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My Studio: Paul Nicholas Mason

I have a study in the walk-out basement of my home in Peterborough. It looks out on the back yard which, while small, abuts a conservation area. My view, then, is of trees and bushes, some of which I planted myself. I see a lot of birds, some squirrels, and the odd fox. If all you could see of my neighbourhood were the view from my study, you might well think that I lived out in the country rather than within city limits.

One of my daughters and her husband and child are currently living with me, so I generally have a domestic soundscape while I work. Every now and then, moreover, my little granddaughter—eleven months old—will push the door open and crawl into the room, with one of her parents close behind. I’m not complaining: whatever cost there may be to my focus, their presence is a blessing. And my granddaughter's little uplifted face is always welcome.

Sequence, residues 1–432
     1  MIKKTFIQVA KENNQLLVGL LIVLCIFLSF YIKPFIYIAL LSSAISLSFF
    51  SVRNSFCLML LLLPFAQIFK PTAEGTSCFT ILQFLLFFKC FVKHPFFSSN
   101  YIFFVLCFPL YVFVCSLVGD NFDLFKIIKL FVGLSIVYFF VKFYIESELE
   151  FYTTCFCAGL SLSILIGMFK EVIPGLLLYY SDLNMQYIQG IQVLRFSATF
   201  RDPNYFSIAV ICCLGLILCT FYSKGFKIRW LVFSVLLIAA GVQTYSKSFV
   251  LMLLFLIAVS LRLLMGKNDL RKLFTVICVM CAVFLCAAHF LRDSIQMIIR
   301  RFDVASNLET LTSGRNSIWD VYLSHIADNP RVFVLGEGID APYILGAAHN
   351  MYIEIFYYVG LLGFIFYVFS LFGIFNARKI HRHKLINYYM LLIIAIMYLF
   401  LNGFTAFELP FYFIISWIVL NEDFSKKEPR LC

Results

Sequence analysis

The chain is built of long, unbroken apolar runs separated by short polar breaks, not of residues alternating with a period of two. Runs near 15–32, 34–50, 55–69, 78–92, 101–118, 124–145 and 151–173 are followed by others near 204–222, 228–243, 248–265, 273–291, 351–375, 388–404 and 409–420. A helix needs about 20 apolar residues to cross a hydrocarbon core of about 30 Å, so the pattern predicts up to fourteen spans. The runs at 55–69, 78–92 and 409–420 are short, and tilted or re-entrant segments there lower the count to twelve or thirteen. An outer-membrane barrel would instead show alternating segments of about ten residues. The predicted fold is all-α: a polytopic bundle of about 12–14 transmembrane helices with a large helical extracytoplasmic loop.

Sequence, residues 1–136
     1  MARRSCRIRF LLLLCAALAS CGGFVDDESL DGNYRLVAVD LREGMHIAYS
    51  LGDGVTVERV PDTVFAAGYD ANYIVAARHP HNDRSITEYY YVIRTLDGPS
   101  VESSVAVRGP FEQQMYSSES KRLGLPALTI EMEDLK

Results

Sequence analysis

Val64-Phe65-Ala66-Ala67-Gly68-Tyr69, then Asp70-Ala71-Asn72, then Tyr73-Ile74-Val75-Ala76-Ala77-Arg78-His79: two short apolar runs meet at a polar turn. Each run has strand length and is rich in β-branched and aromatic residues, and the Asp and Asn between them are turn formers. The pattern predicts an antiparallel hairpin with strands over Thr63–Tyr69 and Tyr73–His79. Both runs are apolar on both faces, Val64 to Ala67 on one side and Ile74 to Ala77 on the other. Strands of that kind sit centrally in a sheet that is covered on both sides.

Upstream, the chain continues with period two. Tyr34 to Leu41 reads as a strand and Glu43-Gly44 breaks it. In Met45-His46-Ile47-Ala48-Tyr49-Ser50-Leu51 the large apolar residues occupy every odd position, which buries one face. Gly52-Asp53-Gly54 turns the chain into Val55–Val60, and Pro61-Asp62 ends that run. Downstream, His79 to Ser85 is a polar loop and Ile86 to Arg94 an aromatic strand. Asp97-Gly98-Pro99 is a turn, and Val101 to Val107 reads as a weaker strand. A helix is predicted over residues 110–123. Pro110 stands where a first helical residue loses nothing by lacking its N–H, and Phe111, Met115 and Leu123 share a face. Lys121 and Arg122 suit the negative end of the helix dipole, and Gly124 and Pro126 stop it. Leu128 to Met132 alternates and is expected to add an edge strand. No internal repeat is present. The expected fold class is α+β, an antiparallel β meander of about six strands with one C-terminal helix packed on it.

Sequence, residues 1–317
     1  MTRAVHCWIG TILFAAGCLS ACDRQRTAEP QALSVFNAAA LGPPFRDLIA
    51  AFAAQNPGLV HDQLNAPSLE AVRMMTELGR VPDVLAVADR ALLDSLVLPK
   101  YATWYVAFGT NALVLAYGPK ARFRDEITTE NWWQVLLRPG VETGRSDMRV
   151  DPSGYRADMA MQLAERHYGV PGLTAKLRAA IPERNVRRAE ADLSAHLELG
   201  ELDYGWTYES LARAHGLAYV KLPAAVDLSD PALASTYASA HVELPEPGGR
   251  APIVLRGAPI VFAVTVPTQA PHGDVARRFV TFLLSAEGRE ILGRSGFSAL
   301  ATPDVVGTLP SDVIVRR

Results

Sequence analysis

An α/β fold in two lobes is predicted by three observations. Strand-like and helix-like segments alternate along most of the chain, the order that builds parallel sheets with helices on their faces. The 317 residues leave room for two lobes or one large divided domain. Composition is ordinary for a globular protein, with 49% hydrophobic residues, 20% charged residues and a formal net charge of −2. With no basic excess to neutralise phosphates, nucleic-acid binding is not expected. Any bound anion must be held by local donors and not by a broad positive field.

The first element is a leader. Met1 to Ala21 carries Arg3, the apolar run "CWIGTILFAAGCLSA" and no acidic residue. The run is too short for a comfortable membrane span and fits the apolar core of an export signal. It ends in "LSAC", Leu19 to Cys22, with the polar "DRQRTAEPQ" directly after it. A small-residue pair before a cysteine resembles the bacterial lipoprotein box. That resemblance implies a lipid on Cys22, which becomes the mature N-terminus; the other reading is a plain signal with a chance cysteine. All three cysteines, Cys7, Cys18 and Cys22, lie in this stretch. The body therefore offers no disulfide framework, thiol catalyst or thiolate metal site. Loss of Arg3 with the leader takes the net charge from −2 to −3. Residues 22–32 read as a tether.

The room is filled with books—novels, plays, and non-fiction of one kind or another—and there are also several pictures, some photographs, and a few keepsakes. Some of my work escapes sentimentality, but I am inescapably a sentimental man myself. I hang on to things that have been given me by people I love.

When my step-daughter and I moved into the house some years ago, a friend offered to give it a blessing. She went from room to room chanting and playing a small drum, and then she passed through again, spreading smoke from a bundle of burning, dried herbs in a clay bowl. The scent has long since vanished from everywhere else in the house, but every now and then I smell traces of it in my study.

Last modified onMonday, 21 March 2016 12:41

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Turnstone Press acknowledges the support of the Canada Council for the Arts, the Manitoba Arts Council, the Government of Canada, and the Province of Manitoba through Manitoba Sport, Culture and Heritage.

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